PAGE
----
autonomous regions to the Sino-Tibetan ranges in Qinghai
Qinghai
province.[3] It stretches along the southern edge of what is now called the Tarim Basin, the infamous Takla Makan
Takla Makan
or "sand-buried houses" desert, and the Gobi Desert. A number of important rivers flow from it including the Karakash River
Karakash River
('Black Jade River') and the Yurungkash River
Yurungkash River
('White Jade River'), which flow through the Khotan Oasis
Oasis
into the Taklamakan Desert. Altyn-Tagh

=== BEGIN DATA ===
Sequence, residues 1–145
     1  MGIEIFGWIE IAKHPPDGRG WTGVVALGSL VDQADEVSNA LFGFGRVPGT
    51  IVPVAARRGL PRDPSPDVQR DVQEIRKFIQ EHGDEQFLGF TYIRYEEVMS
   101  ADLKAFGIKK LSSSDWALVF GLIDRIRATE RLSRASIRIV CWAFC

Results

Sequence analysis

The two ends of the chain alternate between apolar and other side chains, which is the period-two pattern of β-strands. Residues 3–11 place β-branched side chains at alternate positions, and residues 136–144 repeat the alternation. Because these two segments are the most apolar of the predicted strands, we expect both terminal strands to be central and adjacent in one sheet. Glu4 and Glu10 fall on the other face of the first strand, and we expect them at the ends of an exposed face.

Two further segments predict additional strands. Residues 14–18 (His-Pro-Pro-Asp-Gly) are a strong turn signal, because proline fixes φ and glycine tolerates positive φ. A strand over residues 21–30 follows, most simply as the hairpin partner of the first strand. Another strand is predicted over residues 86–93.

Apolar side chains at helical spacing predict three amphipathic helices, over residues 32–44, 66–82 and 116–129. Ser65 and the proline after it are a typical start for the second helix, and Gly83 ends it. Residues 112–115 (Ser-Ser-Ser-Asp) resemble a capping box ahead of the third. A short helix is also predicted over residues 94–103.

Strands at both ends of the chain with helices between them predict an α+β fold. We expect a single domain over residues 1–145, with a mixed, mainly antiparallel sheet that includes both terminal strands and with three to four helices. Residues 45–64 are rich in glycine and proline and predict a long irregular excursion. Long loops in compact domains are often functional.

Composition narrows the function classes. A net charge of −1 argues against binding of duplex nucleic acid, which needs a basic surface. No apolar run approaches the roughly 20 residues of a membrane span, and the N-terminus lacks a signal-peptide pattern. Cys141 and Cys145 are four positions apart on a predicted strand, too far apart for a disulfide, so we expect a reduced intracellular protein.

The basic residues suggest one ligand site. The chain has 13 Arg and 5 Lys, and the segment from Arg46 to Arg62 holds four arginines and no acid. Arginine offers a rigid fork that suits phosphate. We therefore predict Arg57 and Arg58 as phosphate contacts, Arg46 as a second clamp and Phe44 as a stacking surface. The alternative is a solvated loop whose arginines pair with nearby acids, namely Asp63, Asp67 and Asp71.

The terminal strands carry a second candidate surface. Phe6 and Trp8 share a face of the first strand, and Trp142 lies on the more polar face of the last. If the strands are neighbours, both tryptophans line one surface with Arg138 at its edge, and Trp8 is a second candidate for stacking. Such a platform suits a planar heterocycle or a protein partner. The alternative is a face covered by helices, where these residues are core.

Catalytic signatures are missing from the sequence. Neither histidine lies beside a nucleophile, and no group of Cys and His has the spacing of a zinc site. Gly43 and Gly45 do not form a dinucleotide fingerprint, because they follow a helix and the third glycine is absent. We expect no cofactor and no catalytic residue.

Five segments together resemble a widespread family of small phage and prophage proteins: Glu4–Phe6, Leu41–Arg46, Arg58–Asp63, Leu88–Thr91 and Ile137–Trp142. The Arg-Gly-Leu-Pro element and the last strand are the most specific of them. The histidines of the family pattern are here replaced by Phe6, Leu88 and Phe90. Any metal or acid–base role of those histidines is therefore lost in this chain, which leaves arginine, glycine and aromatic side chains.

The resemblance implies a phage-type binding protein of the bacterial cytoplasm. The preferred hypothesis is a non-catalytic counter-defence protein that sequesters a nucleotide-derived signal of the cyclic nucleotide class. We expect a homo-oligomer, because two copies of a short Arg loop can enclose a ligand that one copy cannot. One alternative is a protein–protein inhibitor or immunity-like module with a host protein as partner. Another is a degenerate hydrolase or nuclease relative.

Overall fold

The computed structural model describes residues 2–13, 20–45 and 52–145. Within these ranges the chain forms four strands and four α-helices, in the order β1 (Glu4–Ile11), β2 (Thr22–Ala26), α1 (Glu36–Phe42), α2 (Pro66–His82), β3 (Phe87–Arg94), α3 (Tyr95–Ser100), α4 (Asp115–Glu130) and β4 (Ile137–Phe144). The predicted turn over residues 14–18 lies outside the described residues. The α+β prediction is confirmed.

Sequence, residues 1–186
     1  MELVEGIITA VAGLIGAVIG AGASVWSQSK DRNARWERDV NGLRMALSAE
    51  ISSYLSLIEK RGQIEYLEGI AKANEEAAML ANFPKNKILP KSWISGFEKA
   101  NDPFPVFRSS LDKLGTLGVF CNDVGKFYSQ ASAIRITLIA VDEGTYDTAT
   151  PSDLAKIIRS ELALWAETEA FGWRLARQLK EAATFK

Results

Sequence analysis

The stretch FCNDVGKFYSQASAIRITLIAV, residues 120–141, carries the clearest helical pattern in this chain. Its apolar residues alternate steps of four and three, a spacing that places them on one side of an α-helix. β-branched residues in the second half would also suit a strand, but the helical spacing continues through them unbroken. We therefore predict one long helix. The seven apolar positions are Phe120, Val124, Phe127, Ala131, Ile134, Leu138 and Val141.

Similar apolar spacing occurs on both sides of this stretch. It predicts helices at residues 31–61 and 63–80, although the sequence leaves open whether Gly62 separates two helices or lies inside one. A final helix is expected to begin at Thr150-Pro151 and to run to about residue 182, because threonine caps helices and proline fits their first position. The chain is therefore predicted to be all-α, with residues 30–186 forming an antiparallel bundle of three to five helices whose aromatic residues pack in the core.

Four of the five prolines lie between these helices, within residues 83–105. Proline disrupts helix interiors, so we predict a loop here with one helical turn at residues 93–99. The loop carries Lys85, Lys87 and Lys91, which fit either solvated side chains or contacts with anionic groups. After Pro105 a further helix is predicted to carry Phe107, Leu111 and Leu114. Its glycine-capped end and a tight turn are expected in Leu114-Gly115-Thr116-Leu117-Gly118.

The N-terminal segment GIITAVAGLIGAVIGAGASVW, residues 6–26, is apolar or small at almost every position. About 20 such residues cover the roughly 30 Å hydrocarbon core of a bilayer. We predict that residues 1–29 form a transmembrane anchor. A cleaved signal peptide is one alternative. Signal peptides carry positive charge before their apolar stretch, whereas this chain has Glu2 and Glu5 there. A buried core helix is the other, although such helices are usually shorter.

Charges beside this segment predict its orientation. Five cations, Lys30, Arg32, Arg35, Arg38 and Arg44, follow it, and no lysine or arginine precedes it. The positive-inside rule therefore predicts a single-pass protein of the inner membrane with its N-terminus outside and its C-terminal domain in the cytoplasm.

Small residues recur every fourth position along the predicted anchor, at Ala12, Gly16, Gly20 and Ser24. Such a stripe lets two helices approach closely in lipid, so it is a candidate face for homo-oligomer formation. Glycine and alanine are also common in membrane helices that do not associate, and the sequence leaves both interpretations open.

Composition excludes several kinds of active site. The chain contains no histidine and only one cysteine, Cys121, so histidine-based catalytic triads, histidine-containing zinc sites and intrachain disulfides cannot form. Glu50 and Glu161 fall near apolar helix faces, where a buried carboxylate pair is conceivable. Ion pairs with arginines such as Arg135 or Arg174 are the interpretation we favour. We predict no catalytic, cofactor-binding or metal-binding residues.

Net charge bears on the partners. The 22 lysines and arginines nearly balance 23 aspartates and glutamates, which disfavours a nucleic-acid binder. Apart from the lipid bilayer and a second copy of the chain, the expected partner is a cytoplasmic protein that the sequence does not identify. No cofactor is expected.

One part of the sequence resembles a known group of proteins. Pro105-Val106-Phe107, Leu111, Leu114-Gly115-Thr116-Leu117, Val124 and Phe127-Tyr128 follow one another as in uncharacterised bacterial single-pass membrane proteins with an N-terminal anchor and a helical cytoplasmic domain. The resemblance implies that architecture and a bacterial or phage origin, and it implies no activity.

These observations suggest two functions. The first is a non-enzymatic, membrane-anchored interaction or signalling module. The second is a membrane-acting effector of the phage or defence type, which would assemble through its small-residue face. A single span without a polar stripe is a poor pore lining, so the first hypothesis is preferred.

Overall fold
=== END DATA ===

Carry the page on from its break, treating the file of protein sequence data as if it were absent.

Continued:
Altyn-Tagh
or Altun Range is one of the chief northern ranges of the Kunlun. Its eastern extension Qilian Shan is another main northern range of the Kunlun. In the south main extension is the Min Shan. Bayan Har Mountains, a southern branch of the Kunlun Mountains, forms the watershed between the catchment basins of China's two longest rivers, the Yangtze River
Yangtze River
and the Yellow River. The highest mountain of the Kunlun Shan
Kunlun Shan
is the Kunlun Goddess (7,167 m) in the Keriya area. The Arka Tagh (Arch Mountain) is in the center of the Kunlun Shan; its highest point is Ulugh Muztagh
Ulugh Muztagh
(6,973 m). Some authorities claim that the Kunlun extends northwest-wards as far as Kongur Tagh
Kongur Tagh
(7,649 m) and the famous Muztagh Ata
Muztagh Ata